P = Watts

|3lack|ce.. all you lower when you place things in parrallel is the resistance

The power draw rises..

Look at the labels on the devices there is your Max power for the device..

.... it is a 20Amp Circuit so you also have 120V supply (you poor bastard Yanks)..so you have 2400w to play with. if each pc has a 17"crt monitor you will typicly have 400w PC-PSU + 180w CRT = 580w

so you have a typical capability of 4 systems . 5 if the monitors have significantly lower consumption.. oh.. Turn the systems on in sequence.. the surge current of 4 monitors comming on at once could cause a problemt (the degauss circuit fires at first start this current is the highest ..considerably higher than the run current)..
..
now we poor Aussies.. 15amp circuits at 240V.. 3600w..lol... but some dumbass politition said 4 7.5Amp outlets per circuit for domestic GPO.. hmm silly maths.. but no worries the cable is capable of 2 15Amps outlest.. so All circuits are fuse to 30amps .... ..now I am not recommending upping the size of the fuse for a day or so.. but you never know...(warning .. overloading of circuits will lead to fires or very load bangs or Both)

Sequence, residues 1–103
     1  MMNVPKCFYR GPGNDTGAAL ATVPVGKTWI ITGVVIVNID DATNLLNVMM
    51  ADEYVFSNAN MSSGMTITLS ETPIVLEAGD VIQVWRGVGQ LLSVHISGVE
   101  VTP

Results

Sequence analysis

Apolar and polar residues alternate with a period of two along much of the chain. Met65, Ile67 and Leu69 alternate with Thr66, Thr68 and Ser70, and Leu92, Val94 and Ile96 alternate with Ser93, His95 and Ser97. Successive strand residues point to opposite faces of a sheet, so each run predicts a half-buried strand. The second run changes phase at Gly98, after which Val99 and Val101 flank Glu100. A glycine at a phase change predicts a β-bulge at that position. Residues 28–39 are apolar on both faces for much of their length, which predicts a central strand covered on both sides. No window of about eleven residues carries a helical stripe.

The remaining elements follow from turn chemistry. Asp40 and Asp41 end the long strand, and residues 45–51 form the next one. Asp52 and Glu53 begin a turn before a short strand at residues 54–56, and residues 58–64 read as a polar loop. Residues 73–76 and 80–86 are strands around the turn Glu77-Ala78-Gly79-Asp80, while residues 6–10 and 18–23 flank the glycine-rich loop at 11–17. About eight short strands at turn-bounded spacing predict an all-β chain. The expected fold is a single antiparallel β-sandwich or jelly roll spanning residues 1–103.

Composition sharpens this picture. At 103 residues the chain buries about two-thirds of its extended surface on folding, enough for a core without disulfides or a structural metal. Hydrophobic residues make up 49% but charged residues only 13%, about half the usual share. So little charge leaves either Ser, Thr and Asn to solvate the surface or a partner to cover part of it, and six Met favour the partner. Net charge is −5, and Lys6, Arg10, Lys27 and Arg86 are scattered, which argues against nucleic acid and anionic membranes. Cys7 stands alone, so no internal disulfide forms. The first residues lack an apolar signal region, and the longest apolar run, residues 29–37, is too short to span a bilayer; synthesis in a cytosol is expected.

8. Yes, but...

Undertaker, you're bringing things back to perspective now. Thanks, it's been 13 years or so since I did any electrician work at all and 17 since I had BdoubleE.

The rub with P=IE is that it fails to take into account the capacitance the electronics add to the AC circuit. At initial start the current draw will be maximum (depending, of course, on whether he starts up *everything* at once or not.) After this, the circuit will become capacitive - power supplies drawing less current than their rated need since the caps within the electronic circuits they buffer will be performing the function of acting like batteries - since the electronics need less current, the power supply will draw less. Once again it's been umpteen years since BEE, so I can't even foggily remember how the transformers within the PSU's will effect the circuit - I think once charged they rock along on a trickle.

9. Stick with four to your circuit to be safe .............

In the UK we can afford several outlets in each room
and each outlet is classed as a 13A socket, wired in a ring circuit, it effectively gives us 30A capability in the ring. No use to our American cousins, but I like to gloat